NHS Pension Rules To Be Overhauled: Govt 

Peter Russell

August 07, 2019

Urgent changes to pension rules would be introduced to allow senior NHS clinicians to take on additional work without fear of incurring large tax liabilities, the Government announced today.

Ministers said changes would allow consultants and other higher earners to 'scale down' their pension contributions without losing out on employer contributions.

The Department of Health and Social Care (DHSC) said the changes, made in partnership with the Treasury, would mean senior staff could run additional clinics for patients.

'Perverse and Ill-thought Out' Rules

The British Medical Association (BMA) welcomed the changes to "perverse and ill-thought out tax legislation" which it said was having a damaging effect on the health service. However, it warned that further pension taxation reform would be needed.

The DHSC promised to explore ways to restore the incentive for higher paid health workers to continue to belong to the NHS pension scheme and take on additional work and responsibilities after new 2016 pension rules drew increasing numbers of higher earning doctors into upper taxation bands through annual and lifetime contribution caps.

'Taxation Madness'

Changes meant the annual tax-free allowance of £40,000 could be reduced via a 'taper' applying to high earners with taxable income from any source which exceeded £150,000. The taper effectively meant that for every £2 that adjusted income exceeded £150,000, a scheme member lost £1 from their annual allowance.

For very high earners, the taper could squeeze the annual allowance to just £10,000.

Scheme members were also subject to a lifetime allowance of £1.02 million, which included all pension benefits accrued from the NHS scheme and other pensions, but did not include the state pension.

The BMA, which criticised "taxation madness", repeatedly warned that the pension rules would lead to more senior doctors refusing to hold extra clinics, considering leaving the NHS, or taking early retirement.

Pension Flexibility

Today's proposals, announced by the Health Secretary and the Chancellor, meant that higher earners would be able to reduce their contributions in 10% increments at the start of each year to give them the headroom to take on additional work without breaching their annual allowance. Employers would then have the option to recycle their unused contribution back into the individual clinician's salary, the Government said.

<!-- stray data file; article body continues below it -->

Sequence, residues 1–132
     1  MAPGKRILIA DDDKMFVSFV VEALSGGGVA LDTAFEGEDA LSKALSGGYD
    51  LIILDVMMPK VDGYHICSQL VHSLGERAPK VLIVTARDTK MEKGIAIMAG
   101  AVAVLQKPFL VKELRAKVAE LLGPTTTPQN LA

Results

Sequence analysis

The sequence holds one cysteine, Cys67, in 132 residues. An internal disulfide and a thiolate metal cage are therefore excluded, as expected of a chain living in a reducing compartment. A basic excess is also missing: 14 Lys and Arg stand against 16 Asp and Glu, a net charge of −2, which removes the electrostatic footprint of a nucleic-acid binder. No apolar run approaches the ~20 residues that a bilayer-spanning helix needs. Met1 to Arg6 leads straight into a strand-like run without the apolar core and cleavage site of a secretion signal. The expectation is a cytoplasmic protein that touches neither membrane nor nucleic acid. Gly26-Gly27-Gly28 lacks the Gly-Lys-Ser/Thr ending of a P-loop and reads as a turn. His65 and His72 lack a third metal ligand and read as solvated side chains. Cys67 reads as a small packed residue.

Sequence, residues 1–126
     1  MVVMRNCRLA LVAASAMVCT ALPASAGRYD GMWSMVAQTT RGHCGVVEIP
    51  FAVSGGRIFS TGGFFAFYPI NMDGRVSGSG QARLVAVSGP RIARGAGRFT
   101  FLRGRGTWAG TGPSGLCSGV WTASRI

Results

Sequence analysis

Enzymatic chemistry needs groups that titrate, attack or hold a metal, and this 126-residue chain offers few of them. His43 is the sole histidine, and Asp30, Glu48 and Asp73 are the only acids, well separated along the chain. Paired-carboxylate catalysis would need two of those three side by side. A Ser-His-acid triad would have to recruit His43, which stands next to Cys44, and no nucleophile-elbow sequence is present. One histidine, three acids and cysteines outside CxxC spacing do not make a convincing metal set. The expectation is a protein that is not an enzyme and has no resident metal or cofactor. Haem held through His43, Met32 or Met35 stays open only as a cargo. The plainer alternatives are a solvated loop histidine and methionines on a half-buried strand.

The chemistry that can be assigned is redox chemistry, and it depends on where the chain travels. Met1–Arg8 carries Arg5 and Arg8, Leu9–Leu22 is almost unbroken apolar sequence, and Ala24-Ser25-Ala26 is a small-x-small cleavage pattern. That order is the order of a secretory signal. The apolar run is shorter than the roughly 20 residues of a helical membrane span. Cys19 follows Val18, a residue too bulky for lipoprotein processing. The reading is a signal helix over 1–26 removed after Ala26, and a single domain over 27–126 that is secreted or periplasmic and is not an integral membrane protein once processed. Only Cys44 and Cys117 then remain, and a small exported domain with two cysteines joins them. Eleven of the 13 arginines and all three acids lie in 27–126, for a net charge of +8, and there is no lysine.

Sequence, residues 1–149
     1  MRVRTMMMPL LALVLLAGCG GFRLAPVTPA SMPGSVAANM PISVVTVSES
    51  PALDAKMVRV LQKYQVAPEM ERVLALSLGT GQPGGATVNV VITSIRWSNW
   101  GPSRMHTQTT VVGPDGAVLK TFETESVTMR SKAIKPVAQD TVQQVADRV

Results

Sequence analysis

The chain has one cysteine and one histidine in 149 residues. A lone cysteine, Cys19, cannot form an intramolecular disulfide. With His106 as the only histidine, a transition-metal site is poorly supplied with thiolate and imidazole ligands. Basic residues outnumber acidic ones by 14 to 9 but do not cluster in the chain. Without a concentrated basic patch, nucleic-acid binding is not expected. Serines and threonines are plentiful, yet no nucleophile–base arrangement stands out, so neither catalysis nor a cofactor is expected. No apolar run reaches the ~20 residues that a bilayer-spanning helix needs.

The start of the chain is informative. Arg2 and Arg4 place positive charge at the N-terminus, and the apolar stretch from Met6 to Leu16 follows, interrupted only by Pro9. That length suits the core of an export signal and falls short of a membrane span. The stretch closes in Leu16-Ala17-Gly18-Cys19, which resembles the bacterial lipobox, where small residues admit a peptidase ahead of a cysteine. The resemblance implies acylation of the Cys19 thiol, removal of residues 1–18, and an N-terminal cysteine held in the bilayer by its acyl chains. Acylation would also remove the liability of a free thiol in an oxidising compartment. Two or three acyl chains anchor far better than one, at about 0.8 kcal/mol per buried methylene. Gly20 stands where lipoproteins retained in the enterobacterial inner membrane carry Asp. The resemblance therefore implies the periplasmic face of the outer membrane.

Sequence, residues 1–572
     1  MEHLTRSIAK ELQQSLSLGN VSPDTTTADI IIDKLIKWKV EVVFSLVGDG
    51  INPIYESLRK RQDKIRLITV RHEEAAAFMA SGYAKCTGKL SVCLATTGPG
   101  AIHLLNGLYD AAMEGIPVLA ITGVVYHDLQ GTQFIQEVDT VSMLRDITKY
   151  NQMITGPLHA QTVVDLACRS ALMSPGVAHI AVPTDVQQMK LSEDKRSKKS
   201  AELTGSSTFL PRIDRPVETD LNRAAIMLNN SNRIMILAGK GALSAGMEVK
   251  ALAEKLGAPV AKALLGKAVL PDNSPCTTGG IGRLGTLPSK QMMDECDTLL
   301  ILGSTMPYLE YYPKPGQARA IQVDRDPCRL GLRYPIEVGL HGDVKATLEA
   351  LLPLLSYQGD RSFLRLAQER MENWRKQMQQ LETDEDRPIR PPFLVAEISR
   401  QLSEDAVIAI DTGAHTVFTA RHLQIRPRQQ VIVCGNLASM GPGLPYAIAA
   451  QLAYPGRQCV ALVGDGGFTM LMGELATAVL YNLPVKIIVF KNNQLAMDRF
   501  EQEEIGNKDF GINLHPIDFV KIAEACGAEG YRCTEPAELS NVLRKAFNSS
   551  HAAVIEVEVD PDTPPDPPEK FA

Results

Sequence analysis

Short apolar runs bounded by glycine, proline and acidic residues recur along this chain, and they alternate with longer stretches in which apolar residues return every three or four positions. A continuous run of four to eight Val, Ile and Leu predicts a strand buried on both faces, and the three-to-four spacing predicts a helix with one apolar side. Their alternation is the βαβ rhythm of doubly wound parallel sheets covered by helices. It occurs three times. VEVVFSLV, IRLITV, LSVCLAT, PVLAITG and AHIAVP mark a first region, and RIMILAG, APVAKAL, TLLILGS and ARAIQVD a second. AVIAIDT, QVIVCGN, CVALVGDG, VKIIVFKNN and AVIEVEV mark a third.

Alongside the change, the Treasury said it would review how the annual allowance taper operated "to support the delivery of public services, such as the NHS".

The DHSC said it hoped the changes would help the NHS retain the most skilled professionals as part of a drive to cut waiting times and improve services in line with ambitions set out in the Government's NHS Long Term Plan.

Matt Hancock, the Secretary of State for Health and Social Care, said: "These comprehensive proposals will give doctors the pension flexibilities they have called for and need to make sure they are rewarded for extra work.

"We are taking immediate action, and I hope these flexibilities will encourage our top NHS staff to fulfil the dedication of their mission: to care for their fellow citizens in time of need."

The announcement on pensions came during a week in which the Government made commitments to the health budget, including a pledge for an extra £1.8 billion for the NHS.

'Further Reform Needed'

Commenting on the latest announcement, Dr Chaand Nagpaul, BMA council chair, said: "We acknowledge this step forward by the Government. After a year's tireless lobbying by the BMA on the damaging effect that perverse and ill-thought out tax legislation is having on our NHS, its doctors and patients, it is good to see the Government finally sitting up, taking notice and proposing action.

"We said clearly when it launched that the earlier consultation on the 50:50 model – whereby doctors and employers halve what they put into their pension pots – was not fit for purpose and we are pleased that the Government has heeded the BMA’s concerns by ditching it. This method is overly restrictive and can leave doctors putting either too much or too little into their pensions.

"The Government has listened to us on offering full flexibility – meaning doctors can choose the amount they and their employer wish to put away – and we note the assurance that this will not mean doctors 'losing out on the value of unused employer contributions'. This must mean full recycling of what the employer would normally contribute being paid back into doctors' salaries.

"The new proposed flexibilities will provide short-term relief for many doctors, but they themselves do not tackle the core and underlying problem. This lies in tax reform, and as we have said before, it is the overhaul of the annual allowance and tapered annual allowance, that will make a difference to all doctors, including consultants, GPs, and medics in the armed forces."

Also commenting in a statement, Siva Anandaciva, chief analyst at The King’s Fund, said: "The government's proposed changes to pensions will help to retain some senior clinicians, but it appears that health service managers have been left out of the plans, despite high vacancy rates in  board roles such as director of operations, finance and strategy, something the pensions issue will only exacerbate.

"Chronic staff shortages are now the single biggest challenge facing the health service today, with nearly 100,000 vacancies in NHS trusts. In addition to pension changes, solving the NHS workforce crisis will require a raft of measures, including financial incentives to attract more nurses, and ramped-up international recruitment to plug the immediate staffing shortfall."


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